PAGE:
Different classes have different criteria for what makes 2 objects "equal". Normally, equals() returns true if it is the same Object:
Object a = new Object();
Object b = new Object();
This will return false, eventhough they are both "Object" classes, they are not the same instance.
a.equals(a) will return true.
However, in cases like a String, you can have 2 different instances but String equality is based on the literal characters that make up those Strings:
String a = new String("example");
String b = new String("example");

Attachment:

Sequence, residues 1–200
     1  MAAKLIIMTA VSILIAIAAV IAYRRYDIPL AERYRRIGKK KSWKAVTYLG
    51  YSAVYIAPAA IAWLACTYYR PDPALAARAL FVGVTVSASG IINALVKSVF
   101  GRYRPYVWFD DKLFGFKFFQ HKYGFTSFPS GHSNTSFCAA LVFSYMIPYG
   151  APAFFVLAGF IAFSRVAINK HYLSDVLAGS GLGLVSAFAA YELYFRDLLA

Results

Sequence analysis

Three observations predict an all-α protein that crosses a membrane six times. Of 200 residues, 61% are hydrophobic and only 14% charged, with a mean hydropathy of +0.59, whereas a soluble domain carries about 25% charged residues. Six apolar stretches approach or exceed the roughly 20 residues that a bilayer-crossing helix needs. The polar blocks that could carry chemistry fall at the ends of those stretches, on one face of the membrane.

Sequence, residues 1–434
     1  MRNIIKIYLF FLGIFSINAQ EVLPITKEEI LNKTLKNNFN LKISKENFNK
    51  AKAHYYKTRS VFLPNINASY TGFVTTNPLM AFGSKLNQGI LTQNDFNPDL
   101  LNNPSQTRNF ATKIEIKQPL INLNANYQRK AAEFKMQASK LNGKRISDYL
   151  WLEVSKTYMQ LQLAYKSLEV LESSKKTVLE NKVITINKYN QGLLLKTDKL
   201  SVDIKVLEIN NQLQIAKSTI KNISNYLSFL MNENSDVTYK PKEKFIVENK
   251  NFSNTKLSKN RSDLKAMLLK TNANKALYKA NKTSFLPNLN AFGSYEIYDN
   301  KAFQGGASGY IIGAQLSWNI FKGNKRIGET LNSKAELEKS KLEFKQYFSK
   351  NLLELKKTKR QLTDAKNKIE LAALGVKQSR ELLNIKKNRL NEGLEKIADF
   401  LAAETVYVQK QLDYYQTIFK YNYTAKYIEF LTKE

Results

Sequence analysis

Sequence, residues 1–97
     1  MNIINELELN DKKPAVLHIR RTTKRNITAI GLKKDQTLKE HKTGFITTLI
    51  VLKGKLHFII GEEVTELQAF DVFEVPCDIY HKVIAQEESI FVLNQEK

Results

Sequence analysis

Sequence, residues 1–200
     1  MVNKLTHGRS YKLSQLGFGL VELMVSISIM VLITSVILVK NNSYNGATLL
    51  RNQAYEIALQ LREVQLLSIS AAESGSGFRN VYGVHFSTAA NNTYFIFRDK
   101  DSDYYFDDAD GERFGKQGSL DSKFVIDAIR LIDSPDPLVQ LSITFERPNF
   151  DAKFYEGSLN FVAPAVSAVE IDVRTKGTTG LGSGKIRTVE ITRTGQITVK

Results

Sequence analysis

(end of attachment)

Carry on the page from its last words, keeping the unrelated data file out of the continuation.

String c = new String("another");
These are all different instances of String, but the first equals will return true because they are both "example", but the 2nd will not because "example" isn't "another".
You won't need to override equals() for every class, only when there is a special case for equality, like a class that contains 3 Strings, but only the first String is used for determining equality. In the example you posted, there could have been another field,
description which could be different for 2 different "Contacts", but 2 "Contacts" will be considered equal if those 4 criteria match (first/last name, and home/cell phone numbers), while the description matching or not matching doesn't play into whether 2 Contacts are equal.